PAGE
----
Past Event! Note: this event has already taken place.
Policy Workshop – Sustainable Local Food Systems in Europe and the Americas: Lessons for Policy and Practice
March 3, 2011 — March 4, 2011
|Location:||March 3: Senate Room, Robertson Hall, Carleton University. March 4: British High Commission, Ottawa|
Only eating food from within a 100 mile radius of your home or trying to avoid eating food which has to be shipped from the other side of the globe has become popular with many individuals over the past decade. But in a cold country such as Canada how realistic is the “100 mile diet” and counting “food miles”? What role could public policy play in promoting local food systems? Join the debate with academics, civil society actors, industry representatives and civil servants. The event discussed the latest policy-relevant research from the EU and Canada.
March 3, 5:30-7:00 p.m., Carleton University
KEYNOTE ADDRESS: Jan Douwe vander Ploeg, “Rebuilding Local Food Systems in an Era of Empire and Globalization: lessons from the EU and beyond”
This presentation was supported, in part, by a grant from the European Commission.
March 4: 8:30 a.m. – 4:30 p.m., British High Commission
Policy Workshop “Sustainable Local Food Systems in Europe and the Americas: Lessons for Policy and Practice”
PANEL ONE: Building links between European and Canadian policy experiences
Peter Andree. “Lost in a Corn Maize? Comparing the EU and Canada on central government support for sustainable local food systems.”
Terry Marsden. “Sustainable Place-Making in Europe and China: Towards a new spatial imagination for agri-food and urban-rural relations.”
Lauren Baker. “Bridging the Good Food Gap: Three jurisdictions, three responses.”
Jean-Frédéric Lemay. “Local Food Systems and Public Policy: Opportunities and barriers from the Québec context.”
PANEL TWO: Comparative case studies from Europe and the Americas
Maria Fonte. “Re-connection between Producers and Consumers in Europe: Markets, communities, knowledges, and policies.”
Harriet Friedmann. “Agri-food Policy Renewal in the Golden Horseshoe: Synergistic policies for economic development, health, and environmental sustainability in an urbanized region.”
Patricia Ballamingie. “Insights from Cuba: Viva la revolución agro-ecológica!” (co-authored with Lorelei Hanson)
PANEL THREE: Trade agreements and sustainable local food systems: Help or hindrance?
Rod MacRae. “Real Restrictions or Just Trade Chill? Do trade agreements substantially limit development of local and sustainable food systems?”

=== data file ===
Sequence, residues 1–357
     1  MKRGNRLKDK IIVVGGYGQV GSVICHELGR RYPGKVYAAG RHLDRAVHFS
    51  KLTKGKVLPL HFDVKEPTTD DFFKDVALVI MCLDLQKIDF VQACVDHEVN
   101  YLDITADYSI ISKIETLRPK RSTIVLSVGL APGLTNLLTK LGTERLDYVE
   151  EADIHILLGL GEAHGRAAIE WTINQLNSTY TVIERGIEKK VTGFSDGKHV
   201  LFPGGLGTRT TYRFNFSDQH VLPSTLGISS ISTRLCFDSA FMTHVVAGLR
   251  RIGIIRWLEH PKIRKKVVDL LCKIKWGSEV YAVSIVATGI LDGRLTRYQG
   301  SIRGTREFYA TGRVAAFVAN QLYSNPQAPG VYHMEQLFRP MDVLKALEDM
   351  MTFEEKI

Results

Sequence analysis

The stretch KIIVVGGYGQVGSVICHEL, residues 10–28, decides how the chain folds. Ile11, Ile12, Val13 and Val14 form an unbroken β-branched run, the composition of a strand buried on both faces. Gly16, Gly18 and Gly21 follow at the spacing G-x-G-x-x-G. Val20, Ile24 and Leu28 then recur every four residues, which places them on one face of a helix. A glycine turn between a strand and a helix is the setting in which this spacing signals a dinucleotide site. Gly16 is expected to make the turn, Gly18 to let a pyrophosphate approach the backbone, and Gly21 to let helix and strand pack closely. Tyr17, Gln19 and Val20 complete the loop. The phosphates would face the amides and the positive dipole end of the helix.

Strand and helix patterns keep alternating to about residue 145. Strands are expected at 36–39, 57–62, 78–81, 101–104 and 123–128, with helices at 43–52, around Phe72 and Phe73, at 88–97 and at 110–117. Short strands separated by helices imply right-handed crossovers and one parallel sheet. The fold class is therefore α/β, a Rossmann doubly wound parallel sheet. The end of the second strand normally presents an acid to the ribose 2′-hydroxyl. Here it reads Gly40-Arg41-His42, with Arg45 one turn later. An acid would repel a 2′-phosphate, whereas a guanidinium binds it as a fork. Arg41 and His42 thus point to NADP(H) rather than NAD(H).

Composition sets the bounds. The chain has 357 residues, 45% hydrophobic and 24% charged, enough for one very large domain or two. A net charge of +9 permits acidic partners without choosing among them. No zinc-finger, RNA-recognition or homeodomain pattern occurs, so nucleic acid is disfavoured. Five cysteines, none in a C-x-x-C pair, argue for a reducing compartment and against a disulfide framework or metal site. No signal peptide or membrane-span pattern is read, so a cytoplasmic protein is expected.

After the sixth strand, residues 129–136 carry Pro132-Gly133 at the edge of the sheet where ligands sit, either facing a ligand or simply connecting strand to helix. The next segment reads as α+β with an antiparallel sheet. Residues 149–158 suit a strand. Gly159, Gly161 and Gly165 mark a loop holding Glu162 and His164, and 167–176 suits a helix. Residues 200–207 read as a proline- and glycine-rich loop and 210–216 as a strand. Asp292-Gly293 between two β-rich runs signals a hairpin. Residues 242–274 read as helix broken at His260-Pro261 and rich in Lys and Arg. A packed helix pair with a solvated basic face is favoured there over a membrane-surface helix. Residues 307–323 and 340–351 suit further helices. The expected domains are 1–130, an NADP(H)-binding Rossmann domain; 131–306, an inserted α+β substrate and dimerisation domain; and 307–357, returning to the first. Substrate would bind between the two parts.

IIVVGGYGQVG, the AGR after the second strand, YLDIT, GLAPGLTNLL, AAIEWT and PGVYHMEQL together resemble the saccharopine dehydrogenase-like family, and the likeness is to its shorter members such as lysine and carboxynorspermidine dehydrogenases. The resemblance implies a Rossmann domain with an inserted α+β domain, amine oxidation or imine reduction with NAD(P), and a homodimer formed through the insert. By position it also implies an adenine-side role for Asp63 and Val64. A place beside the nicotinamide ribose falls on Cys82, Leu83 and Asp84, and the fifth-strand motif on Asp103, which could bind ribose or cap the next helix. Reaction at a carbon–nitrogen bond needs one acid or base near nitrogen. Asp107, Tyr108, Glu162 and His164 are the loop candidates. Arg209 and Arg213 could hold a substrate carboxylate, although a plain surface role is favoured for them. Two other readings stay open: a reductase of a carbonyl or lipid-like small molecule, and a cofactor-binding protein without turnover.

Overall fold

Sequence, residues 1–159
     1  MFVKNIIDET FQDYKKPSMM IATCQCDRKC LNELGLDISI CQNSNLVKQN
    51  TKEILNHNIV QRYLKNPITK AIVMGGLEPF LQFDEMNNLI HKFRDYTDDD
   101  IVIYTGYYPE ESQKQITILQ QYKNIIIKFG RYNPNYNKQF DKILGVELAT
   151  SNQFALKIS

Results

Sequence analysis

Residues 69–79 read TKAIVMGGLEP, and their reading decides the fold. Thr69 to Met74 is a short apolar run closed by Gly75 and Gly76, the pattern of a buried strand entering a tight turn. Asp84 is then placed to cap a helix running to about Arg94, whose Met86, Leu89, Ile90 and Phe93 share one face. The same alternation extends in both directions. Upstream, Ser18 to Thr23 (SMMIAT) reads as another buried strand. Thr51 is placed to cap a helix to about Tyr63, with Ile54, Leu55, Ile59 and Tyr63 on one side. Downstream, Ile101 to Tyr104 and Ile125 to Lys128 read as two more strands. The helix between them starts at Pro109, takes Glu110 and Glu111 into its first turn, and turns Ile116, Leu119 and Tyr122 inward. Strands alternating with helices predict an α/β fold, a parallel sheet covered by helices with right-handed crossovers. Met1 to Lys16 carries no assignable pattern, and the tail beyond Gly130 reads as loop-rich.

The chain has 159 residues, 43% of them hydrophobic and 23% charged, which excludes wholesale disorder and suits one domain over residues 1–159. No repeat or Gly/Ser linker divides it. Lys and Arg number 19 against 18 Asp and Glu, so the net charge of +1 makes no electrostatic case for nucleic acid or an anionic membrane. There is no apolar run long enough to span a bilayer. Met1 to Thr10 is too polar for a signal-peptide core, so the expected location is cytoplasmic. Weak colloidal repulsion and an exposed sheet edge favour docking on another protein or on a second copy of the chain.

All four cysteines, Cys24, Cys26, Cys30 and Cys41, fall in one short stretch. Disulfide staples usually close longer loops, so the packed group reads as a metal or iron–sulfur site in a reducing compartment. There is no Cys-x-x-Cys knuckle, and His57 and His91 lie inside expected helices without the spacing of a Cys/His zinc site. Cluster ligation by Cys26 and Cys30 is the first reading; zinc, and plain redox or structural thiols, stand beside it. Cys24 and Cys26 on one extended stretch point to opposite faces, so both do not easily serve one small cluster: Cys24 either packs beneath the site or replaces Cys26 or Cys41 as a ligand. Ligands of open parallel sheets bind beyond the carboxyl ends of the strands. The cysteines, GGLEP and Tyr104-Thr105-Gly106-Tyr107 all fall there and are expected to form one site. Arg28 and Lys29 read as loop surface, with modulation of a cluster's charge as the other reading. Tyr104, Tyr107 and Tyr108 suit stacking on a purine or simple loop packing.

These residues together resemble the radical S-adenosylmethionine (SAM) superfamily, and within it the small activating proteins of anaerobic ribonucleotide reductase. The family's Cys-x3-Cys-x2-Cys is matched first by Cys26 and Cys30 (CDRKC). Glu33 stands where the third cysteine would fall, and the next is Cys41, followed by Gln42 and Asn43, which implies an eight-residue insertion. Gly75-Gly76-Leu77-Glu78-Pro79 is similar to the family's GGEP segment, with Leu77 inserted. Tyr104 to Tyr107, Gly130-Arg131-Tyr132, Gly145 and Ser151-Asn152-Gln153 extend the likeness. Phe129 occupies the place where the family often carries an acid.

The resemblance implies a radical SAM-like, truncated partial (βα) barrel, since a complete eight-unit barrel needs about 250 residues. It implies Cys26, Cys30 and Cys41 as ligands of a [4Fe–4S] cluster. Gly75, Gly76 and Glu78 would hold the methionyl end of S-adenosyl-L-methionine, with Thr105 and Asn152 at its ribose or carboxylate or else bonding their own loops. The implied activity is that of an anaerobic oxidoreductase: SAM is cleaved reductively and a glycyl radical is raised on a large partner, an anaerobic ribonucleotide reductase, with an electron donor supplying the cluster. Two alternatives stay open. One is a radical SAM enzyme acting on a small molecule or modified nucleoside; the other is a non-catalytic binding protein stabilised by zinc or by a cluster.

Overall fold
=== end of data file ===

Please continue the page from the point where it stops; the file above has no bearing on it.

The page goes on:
Chantal Blouin. “The Impact of Trade Agreements on Local Food Systems: Lessons learned from trade and health.”
PANEL FOUR: Building partnerships between municipal governments and civil society
Karen Landman. “Current Trends in North American Urban Agriculture: opportunities for municipal governments and NGOs.”
Presentation Slides (too big)
Alison Blay-Palmer. “Food Hubs: Growing community based solutions for sustainable, local food systems.”
March 5: 9:00 a.m.-1:30 p.m., Carleton University Workshop “Local Food Systems in Practice”
Sarah Wakefield (co-authored with Charles Levkoe)
Presentation Slides: “Food Hubs and Food Centres: The Stop Community Food Centre Model”
Presentation Slides (in French): “Équiterre E-CSA”
Presentation Slides: “Using Security Toolkits and Assessment Tools in Food Hub Planning”
Sustainable local food systems have the potential to shore up communities as they tackle environmental challenges and deal with limited resources. The development of local food systems can promote economic development and diversification as well as be tied to a variety of public health goals. The workshop discussed the way in which goods are currently traded and asked whether there is a bias towards export and away from local consumption. Governments in Canada at the federal, provincial and municipal levels are engaging in the issues around local food systems in areas as diverse as agriculture, public health, environment, northern affairs, and regional development. The workshop debated a variety of civil society initiatives designed to engage citizens in the reconstruction of local food systems.
For more information, please contact CETD Manager, Natasha Joukovskaia, at email@example.com or by phone (613) 520-2600 ext. 1179.
This event is organized by the Canada-Europe Transatlantic Dialogue (CETD), and is supported by grants from the Social Sciences and Humanities Research Council of Canada (SSHRC). CETD is also grateful to the British High Commission for providing a venue for the Friday workshop.